The development of quantum mechanics in the first decades of the twentieth century came as a shock to many physicists. Today, despite the great successes of quantum mechanics, arguments continue about its meaning, and its future.
Reality Is Not What It Seems – a deeper, more intellectually challenging meditation – outlines for the general reader some of the key developments in physics from the ancient Greek philosophers and the Roman poet Lucretius to the present day. In the Italian professor’s elucidation, physics goes deeper than any other science into the riddle of existence. The laws of physics – gravity, energy, motion – underpin those of chemistry, astrophysics and meteorology combined. So an understanding of the world requires some grasp of physics. This book aims to make that grasp easier for the layperson.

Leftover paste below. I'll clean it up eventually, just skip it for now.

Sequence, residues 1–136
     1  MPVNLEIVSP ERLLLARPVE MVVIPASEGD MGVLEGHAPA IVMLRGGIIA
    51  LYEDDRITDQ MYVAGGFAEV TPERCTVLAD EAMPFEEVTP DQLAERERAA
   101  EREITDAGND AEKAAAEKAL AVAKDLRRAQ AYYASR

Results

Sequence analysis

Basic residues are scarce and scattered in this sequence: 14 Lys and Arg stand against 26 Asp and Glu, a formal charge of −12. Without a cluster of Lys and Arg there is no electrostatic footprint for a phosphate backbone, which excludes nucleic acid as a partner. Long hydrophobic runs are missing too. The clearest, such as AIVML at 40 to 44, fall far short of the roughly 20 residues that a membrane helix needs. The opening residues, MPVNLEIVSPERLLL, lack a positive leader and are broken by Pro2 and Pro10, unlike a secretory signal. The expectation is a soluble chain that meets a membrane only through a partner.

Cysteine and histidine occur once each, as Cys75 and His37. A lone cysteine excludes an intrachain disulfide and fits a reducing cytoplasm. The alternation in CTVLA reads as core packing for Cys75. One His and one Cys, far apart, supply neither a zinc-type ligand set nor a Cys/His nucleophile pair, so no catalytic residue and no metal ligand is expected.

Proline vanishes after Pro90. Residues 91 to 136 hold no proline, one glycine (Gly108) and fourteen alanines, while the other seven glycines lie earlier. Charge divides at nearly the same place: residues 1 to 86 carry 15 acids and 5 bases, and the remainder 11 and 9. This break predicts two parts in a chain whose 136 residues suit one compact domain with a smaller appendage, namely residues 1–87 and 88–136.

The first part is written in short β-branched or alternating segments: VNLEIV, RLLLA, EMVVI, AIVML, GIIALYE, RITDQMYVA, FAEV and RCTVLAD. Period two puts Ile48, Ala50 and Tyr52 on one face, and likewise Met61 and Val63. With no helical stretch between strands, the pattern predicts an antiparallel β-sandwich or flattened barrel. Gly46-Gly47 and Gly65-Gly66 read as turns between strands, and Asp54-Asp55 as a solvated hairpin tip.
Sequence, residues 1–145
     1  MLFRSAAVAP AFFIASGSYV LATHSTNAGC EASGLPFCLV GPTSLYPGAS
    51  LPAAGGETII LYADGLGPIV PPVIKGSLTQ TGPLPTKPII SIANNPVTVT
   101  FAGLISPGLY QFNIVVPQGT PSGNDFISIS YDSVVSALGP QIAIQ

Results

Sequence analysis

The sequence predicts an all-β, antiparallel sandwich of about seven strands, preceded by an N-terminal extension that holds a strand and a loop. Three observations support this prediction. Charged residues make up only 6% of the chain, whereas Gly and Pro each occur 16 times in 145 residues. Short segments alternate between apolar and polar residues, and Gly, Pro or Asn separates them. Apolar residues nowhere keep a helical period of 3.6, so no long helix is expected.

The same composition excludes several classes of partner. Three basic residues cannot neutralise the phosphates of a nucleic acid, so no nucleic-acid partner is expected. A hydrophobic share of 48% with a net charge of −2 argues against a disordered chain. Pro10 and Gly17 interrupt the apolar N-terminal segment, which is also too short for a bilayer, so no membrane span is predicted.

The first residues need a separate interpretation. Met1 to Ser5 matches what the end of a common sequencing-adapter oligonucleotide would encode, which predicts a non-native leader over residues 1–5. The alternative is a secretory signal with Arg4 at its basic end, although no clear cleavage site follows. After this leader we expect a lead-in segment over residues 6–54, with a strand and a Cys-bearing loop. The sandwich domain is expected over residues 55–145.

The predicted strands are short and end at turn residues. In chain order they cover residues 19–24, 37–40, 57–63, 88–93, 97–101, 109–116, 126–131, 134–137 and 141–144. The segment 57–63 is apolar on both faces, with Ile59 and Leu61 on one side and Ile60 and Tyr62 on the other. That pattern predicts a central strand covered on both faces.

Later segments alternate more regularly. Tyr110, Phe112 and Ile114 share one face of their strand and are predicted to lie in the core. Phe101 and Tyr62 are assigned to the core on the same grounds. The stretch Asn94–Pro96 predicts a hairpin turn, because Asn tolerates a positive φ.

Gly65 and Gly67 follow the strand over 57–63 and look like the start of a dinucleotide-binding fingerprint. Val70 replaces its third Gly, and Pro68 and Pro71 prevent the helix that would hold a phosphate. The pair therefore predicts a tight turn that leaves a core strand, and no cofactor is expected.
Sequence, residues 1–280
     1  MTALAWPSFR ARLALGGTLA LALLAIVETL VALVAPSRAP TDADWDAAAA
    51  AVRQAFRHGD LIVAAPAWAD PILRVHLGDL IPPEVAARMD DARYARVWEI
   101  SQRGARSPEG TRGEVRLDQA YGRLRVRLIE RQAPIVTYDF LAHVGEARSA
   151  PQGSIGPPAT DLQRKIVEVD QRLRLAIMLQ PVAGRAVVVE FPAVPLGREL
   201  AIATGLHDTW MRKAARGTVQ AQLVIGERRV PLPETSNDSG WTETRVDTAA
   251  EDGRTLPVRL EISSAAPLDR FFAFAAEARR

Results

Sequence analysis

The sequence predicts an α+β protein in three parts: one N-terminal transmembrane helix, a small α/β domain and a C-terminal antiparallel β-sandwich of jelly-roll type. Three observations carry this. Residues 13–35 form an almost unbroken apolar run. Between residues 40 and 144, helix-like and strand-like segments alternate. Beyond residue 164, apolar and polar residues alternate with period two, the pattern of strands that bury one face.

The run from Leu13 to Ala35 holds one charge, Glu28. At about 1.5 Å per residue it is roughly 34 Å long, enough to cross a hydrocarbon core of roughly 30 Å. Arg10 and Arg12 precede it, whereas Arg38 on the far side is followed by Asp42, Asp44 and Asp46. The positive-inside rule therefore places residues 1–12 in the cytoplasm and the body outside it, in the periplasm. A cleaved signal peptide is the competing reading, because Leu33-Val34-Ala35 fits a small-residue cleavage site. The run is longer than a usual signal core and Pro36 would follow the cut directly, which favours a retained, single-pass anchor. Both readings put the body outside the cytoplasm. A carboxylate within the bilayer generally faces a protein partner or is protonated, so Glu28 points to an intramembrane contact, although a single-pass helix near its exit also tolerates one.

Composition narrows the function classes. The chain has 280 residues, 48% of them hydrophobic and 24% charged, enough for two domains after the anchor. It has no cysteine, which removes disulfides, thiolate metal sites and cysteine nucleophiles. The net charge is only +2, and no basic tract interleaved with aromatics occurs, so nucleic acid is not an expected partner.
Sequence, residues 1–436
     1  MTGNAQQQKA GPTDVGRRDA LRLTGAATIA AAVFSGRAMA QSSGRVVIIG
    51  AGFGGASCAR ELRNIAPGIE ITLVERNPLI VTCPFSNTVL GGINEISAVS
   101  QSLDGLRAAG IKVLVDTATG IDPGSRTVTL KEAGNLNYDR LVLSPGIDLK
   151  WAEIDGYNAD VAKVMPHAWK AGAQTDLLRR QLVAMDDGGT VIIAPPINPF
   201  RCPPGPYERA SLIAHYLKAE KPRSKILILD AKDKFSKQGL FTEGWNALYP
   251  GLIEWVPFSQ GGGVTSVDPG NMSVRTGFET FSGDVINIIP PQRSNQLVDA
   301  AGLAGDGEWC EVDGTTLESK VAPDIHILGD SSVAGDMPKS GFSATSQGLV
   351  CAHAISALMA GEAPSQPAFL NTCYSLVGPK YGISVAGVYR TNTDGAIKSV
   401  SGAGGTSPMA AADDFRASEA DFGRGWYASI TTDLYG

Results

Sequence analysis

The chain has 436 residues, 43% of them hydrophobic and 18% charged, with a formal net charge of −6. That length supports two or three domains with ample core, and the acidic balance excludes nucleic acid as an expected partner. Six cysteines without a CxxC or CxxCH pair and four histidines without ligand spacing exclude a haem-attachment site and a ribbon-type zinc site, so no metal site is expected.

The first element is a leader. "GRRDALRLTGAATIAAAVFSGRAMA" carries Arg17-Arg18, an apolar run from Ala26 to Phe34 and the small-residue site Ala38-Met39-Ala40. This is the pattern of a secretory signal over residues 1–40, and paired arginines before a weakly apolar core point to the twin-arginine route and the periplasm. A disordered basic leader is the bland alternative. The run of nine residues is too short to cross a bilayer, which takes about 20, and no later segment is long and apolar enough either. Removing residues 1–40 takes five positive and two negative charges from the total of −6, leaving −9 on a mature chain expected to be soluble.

Like Kang’s widely acclaimed novel “The Vegetarian,” the first of her works to be translated from Korean by Deborah Smith, “Human Acts” is ruthless in its refusal to look away from atrocity. Both slim, polyphonic novels stare down violence and vulnerability, cruelty and confusion. Yet while “The Vegetarian” confronts such material in the context of a troubled family, “Human Acts” centers on the 1980 Gwangju Uprising in South Korea.